On August 30th, my new book Following Jesus in a Digital Age will be released with B&H Publishing. It is available for pre-order now at most major retailers. I am really grateful for the entire team at B&H, including my editor Ashley Gorman and my publisher Devin Maddox who first encouraged me to write this book given the growing concerns about the role of technology in our lives and questions about how Christians might think through these ethical issues through the lens of biblical wisdom.
One of the most common questions I receive from readers and podcast listeners is what does the Bible actually say about technology. This question can’t really be addressed by looking up social media, algorithms, or the internet in your concordance. It can be easy for the Church to believe that technology might be an issue we will need to address at some point but that it isn’t a pressing concern for people today. Part of this apathy may stem from the belief that the Bible really doesn’t address the questions we are asking today in our digital society such as the formative nature of social media, questions of content moderation and privacy, how truth is being redefined, or how many of us seek to craft our identities online through these tools.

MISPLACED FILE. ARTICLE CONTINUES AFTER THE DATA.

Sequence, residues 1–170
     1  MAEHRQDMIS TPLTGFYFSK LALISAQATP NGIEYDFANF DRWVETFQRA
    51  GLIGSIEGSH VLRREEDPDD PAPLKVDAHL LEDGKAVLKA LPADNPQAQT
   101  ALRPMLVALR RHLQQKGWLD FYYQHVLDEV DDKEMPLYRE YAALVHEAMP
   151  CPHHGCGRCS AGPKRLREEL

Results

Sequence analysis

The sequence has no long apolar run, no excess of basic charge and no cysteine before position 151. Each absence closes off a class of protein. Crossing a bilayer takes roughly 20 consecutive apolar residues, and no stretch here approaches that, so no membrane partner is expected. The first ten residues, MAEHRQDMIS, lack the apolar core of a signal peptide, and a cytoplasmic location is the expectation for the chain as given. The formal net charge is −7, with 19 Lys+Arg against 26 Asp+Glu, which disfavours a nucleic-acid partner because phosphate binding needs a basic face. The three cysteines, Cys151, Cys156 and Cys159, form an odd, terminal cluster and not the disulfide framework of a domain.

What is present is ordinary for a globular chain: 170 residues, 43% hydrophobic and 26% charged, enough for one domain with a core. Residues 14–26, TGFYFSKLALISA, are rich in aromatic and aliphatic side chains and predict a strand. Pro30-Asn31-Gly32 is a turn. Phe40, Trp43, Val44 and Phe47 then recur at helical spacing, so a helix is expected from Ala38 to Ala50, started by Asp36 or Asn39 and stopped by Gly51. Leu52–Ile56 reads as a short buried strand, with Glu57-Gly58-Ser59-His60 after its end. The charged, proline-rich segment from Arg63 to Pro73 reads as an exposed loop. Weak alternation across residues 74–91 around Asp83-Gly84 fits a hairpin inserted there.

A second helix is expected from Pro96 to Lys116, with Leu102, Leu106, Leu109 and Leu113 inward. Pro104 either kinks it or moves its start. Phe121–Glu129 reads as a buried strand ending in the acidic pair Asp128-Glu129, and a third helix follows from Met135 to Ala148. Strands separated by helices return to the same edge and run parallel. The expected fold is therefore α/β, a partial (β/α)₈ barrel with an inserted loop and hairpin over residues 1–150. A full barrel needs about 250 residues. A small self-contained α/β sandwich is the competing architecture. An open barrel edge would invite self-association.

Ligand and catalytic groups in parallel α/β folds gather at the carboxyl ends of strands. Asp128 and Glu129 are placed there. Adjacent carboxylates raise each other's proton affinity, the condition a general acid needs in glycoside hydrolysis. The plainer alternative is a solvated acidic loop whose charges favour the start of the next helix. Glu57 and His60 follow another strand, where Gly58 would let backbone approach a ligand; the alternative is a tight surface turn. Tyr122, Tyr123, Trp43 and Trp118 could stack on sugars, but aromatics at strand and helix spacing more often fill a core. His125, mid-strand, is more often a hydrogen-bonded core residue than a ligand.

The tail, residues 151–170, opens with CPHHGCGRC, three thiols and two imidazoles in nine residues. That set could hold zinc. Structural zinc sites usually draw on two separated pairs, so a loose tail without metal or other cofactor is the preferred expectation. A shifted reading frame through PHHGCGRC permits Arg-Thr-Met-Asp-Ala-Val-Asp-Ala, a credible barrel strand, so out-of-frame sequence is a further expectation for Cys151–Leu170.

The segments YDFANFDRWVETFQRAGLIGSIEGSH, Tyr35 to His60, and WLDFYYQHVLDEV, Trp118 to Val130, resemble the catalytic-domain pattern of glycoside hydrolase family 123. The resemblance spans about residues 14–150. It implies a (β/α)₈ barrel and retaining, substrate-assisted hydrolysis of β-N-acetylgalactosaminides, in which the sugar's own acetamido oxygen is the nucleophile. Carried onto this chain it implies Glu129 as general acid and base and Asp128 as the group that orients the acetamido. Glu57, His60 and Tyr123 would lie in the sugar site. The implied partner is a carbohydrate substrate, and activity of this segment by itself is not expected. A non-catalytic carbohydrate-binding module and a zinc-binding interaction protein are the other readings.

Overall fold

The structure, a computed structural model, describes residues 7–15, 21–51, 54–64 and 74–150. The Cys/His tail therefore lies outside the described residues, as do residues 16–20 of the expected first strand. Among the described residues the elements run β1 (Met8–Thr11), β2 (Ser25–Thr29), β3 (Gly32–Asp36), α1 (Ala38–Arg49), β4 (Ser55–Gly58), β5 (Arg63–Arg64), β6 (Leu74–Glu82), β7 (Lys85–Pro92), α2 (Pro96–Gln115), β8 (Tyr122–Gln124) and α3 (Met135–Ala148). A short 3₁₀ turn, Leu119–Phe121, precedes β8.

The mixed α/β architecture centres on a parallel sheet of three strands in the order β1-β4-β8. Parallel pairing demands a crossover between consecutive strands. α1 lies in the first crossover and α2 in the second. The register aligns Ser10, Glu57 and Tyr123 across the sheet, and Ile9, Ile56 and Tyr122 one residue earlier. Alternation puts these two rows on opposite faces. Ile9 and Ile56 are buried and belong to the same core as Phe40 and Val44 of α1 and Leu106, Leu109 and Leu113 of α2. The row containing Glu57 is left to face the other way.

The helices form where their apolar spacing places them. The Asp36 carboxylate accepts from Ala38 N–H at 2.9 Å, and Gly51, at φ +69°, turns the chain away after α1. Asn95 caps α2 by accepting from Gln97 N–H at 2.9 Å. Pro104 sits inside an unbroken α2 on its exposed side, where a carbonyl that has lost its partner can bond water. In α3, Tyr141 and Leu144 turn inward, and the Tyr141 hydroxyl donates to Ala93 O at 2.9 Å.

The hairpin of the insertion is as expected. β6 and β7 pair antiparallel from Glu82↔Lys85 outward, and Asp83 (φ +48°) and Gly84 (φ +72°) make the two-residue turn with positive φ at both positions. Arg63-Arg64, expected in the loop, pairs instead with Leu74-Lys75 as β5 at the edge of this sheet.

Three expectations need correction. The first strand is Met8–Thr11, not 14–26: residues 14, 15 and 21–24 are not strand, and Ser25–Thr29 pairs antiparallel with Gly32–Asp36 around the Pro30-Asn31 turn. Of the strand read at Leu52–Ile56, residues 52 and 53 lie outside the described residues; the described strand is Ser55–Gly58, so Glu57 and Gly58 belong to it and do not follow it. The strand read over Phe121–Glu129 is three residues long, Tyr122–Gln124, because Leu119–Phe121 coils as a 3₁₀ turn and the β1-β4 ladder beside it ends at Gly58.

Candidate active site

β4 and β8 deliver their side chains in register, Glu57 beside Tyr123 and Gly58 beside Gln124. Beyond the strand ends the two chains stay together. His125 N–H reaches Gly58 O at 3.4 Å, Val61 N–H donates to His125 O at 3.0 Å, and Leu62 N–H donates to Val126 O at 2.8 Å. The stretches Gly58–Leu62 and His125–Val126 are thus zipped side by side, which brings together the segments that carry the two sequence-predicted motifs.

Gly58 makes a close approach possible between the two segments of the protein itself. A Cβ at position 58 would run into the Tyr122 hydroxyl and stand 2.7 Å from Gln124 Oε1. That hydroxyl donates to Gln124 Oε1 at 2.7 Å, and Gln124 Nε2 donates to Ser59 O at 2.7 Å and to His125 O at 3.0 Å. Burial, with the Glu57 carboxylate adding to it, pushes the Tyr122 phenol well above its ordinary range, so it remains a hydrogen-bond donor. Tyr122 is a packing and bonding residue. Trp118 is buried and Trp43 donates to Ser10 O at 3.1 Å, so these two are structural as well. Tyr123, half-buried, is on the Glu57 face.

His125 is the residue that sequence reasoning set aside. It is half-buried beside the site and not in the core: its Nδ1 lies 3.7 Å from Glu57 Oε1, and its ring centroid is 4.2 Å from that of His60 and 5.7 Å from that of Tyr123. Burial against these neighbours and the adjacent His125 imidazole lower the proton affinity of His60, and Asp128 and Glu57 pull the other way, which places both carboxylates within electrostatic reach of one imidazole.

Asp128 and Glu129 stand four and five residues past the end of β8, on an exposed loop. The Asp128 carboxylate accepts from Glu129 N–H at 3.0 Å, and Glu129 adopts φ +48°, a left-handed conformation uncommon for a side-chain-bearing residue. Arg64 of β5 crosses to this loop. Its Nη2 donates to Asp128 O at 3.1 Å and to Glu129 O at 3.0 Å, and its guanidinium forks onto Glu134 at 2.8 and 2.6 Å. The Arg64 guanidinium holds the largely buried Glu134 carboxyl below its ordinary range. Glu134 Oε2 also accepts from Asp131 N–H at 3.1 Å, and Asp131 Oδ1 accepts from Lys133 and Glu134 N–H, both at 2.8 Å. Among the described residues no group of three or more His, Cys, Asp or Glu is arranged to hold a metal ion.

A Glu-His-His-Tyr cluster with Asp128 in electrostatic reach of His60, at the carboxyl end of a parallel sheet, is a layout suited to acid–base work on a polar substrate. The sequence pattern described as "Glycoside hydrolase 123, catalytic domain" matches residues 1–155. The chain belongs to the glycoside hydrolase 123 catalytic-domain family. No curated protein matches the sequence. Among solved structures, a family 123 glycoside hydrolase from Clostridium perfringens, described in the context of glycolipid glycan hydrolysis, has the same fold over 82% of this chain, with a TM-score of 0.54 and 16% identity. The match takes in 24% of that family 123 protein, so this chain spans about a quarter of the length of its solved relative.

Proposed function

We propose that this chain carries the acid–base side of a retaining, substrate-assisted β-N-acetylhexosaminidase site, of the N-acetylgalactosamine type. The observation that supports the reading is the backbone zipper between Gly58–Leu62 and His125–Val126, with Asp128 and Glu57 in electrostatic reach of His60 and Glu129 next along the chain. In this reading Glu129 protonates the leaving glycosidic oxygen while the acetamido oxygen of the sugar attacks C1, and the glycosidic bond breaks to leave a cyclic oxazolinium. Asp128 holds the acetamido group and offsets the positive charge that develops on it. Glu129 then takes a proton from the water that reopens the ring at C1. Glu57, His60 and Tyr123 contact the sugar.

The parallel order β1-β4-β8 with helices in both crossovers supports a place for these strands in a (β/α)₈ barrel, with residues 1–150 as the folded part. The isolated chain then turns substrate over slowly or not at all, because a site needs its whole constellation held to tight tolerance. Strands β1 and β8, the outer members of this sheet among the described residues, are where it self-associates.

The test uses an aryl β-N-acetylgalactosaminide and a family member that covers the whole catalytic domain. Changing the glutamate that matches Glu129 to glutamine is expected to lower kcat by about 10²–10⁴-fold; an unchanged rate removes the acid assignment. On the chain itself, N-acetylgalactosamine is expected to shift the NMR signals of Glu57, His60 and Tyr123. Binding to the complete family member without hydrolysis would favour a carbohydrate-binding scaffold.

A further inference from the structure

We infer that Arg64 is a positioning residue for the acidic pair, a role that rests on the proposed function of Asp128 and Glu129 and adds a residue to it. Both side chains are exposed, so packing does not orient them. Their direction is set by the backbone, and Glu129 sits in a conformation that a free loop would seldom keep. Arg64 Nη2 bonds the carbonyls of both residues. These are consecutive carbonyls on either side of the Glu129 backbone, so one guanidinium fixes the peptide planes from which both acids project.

But in recent years, there is a growing concern about what technology, specifically social media, might be doing to us and how it might be altering our perception of God, ourselves, and the world around us. MIT Technology Review reported last fall that in October 2019 that troll farms — often based in Eastern Europe — operated all 15 of the top Christian American pages on Facebook — with the largest of the pages reaching over 75 million U.S. users per month. To put it another way, many Christian tend to spend at most 10-15 hours a week focused on the Bible, church meetings, small groups, and discipleship. But what is with us nearly 24 hours a day, never leaving our side? Our phones and devices.
Back in the fall of 2020, I was asked to write a review at The Gospel Coalition of a new Netflix documentary, The Social Dilemma, which focused on the formative nature of technology and served as a wake-up call for many to the power and influence of algorithmic technology. As I thought about how technology is discipling and shaping us in profound, yet subtle ways, I began to think about what a book project might look like addressing these questions from a distinctly Christian perspective.
While I agree with much of the film’s critique and evaluation of these tools, especially social media, some of the proposed solutions seemed to miss the mark and many seemed to me might actually intensify the problems we face today. This intensification reminds me of the famous quote from the Canadian philosopher George Grant in his well known work, Technology and Justice, where he writes that we tend to believe that “more technology is needed to meet the emergencies which technology has produced.” In the midst of cultural chaos, we often turn toward technology to solve the very problems brought on by the technology itself as some decry that we need more moderation or better technology in order to solve the apparent divides in our society.